Many of you have read the history about surviving an stroke, by Jorge Martínez Reverte published in El País last week. I wanted to share it on Saturday, so this post is for 3 days the center of the blog and can be read by many people. I hope you’re better, Jorge. I send you a big hug.
For me, there is a damning phrase, which stands out among all in his story:
There is no other way as putting the shoes of the other to understand.
My father has an abdominal oncologic disease for 19 years, and he is now in terminal phase. A week ago, about 5 AM, he phoned me to tell that he had to go to the Hospital because he had a terrible abdominal pain. So, after leaving my daughters at home of my mother-in-law, I went straight to the Emergency Room.
By luck and knowing the system, I had contacted with a friend and companion to receive my father and take him out first. When I arrived, I stayed quiet to know he was in a reasonable position, and they were doing some tests. The waiting room was empty at that hour, so there were my mother and I waiting for. And sharing that difficult moment.
After 5 hours, the room was already something like a market: transfer of people, noise, tears, there was even an steal!. Everyone who was sitting looked at the same yellow wall, in perfect order static, as if we were the chess pieces before start the game.
So I phoned back my colleague to know how my father was: “They are doing tests. There is much mess, you know”.
Finally we went to see him, and indeed he didn’t have bad paint: lying in a hallway, in “double row of patients”. Tired and sore, just done a test, an electrocardiogram and an x-ray of the chest and abdomen. Privacy zero, silent zero, impossible empathy, insufficient attention. At that time, we had to change the pijama of my father and the first response was: “There are no sheets”. The second: “I think I have one hidden here”. And before the astonished eyes of the Assistant when I said “would you mind to help you?”, finally we got a priori impossible goal.
At the time, a friendly doctor informed me how was my father, and she wanted to do an abdominal TAC given their medical background.
The hospital was collapsed in an imbalance common unfortunately: too many patients, more tan usually by the flu epidemic (not said our grandmothers flu spent at home?) and insufficient staff that do what they can, as those jugglers of circus engaged in maintaining 20 plates spinning in the air. Too accustomed to work against the clock and not be able to enjoy what they are doing.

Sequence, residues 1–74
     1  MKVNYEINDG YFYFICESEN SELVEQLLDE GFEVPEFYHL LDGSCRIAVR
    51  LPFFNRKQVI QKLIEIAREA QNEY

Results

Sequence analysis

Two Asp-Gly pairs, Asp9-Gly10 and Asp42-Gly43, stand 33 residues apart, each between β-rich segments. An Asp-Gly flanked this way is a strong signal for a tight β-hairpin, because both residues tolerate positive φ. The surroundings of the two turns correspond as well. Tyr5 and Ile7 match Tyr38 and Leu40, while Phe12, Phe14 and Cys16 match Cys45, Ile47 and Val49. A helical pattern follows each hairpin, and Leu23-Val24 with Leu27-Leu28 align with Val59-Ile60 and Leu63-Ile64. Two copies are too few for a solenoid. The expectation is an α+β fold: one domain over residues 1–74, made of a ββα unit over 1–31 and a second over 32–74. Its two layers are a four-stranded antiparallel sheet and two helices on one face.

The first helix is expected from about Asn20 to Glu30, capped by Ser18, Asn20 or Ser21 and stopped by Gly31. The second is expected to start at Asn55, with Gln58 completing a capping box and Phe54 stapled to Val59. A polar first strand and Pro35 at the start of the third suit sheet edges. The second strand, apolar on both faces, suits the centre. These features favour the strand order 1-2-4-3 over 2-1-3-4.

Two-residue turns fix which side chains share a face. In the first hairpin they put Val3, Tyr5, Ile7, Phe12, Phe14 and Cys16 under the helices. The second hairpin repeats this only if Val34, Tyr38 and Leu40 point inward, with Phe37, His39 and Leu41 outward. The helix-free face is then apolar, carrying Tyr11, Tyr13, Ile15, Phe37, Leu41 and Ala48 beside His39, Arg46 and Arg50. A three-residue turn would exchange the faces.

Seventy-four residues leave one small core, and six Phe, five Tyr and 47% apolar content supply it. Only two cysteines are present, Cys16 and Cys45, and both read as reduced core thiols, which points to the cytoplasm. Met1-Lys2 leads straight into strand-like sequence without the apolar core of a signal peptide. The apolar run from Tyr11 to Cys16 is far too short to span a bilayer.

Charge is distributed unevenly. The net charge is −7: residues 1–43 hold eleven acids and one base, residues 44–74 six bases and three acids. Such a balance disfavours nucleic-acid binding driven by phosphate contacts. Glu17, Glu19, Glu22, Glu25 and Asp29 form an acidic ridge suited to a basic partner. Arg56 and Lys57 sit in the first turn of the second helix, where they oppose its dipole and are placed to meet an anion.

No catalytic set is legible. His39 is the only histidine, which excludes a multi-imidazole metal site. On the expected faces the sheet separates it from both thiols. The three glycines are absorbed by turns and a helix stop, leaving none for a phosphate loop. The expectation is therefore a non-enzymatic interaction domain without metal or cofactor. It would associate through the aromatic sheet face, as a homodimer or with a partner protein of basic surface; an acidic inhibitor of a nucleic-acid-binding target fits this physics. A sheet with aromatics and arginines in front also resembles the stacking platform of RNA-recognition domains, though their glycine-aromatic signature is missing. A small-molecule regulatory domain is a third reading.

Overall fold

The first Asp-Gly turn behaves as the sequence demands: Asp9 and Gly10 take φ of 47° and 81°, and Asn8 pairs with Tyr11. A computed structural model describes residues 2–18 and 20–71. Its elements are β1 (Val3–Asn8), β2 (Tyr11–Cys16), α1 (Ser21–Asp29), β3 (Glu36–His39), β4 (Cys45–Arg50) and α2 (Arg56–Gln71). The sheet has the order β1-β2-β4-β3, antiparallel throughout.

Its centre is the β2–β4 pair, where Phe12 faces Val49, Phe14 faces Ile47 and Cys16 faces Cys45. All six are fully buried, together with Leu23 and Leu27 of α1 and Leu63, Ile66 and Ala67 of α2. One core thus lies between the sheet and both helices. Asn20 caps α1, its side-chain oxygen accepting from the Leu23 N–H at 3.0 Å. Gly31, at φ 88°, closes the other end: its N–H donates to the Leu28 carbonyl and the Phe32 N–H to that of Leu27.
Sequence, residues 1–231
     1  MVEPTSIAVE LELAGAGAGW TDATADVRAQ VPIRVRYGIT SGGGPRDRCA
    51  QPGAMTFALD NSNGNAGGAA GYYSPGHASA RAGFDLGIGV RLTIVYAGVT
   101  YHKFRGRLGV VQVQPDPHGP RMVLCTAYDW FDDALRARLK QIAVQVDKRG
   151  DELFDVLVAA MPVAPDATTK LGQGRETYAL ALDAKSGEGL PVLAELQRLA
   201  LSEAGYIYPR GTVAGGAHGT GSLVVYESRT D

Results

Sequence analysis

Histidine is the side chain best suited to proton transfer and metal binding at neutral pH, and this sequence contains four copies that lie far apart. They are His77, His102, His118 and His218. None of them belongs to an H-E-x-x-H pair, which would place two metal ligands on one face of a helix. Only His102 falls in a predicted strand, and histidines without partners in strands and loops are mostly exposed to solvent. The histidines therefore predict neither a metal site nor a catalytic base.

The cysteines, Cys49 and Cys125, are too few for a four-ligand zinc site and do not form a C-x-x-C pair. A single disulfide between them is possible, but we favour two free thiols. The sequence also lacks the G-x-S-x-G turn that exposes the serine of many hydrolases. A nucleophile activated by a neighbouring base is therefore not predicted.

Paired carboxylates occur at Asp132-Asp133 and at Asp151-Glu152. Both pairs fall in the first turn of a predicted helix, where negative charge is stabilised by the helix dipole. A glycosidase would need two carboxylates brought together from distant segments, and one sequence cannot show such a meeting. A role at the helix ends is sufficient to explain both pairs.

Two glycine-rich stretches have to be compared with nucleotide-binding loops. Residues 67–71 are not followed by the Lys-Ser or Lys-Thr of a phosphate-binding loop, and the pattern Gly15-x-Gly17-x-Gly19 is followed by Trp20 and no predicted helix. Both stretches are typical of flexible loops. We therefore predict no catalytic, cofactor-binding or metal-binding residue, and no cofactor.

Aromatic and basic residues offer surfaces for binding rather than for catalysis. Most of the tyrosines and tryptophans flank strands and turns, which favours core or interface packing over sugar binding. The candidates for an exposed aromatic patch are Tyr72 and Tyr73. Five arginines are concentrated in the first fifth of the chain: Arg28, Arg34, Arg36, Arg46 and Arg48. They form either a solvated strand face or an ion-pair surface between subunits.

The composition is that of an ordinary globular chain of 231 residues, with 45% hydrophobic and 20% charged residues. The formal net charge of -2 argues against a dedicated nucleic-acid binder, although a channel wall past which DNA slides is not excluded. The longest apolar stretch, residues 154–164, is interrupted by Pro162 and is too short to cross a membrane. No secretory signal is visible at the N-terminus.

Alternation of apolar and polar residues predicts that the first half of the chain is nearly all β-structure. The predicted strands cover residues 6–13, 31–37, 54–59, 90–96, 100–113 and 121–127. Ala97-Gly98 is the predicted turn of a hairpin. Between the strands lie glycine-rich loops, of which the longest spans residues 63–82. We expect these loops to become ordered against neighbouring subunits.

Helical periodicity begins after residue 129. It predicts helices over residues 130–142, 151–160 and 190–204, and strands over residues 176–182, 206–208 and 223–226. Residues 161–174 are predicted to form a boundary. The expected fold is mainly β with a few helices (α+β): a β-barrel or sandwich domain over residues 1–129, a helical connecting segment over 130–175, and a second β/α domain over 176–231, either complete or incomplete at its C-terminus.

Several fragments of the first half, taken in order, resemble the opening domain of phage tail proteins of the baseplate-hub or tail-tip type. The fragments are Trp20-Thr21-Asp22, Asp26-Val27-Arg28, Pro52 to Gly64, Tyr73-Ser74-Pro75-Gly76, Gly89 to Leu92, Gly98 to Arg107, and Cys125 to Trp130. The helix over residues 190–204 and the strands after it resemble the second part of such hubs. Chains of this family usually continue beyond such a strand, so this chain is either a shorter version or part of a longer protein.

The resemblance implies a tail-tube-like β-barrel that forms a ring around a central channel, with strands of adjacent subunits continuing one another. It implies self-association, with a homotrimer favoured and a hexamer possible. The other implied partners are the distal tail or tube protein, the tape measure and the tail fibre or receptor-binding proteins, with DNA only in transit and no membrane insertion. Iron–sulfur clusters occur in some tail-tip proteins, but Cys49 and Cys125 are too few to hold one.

As a physician, I understood the system but I saw it as a huge sumo wrestler that costs move, and also does so with reluctance, completely understandable. It is not sustainable.
As a son, I felt violated the right to be: with my father, and informed. And of course I was afraid that he could had a perforation. Doctors know both good and evil.
As family and physician, I was trying to channel the anguish of my mother and the frustration of my brothers who tried to escape from the work as soon as possible.
After another 5 hours finally a TAC was made: a stone in the kidney. I sighed relieved, although I thought: “This is cruel, give away a kidney stone to a terminal cancer patient”. So we finally left the hospital. 6.30 AM to 6 PM.
If I had written this post the next day, surely I would have repented because first of all, we are people. And I felt much anger.
A few reflections, namely: we should not colapse the system as users, eliminate the waiting rooms and let families to participate in the care, inform frequently and treat people as we would like to be treated. Together lets going to seek the solutions. Listening to all voices.
Because only one thing is clear: disease is a democratic process. It is only a matter of time lying on that bed of Emergency Service.
We usually say “That´s life”. But really this is life and death,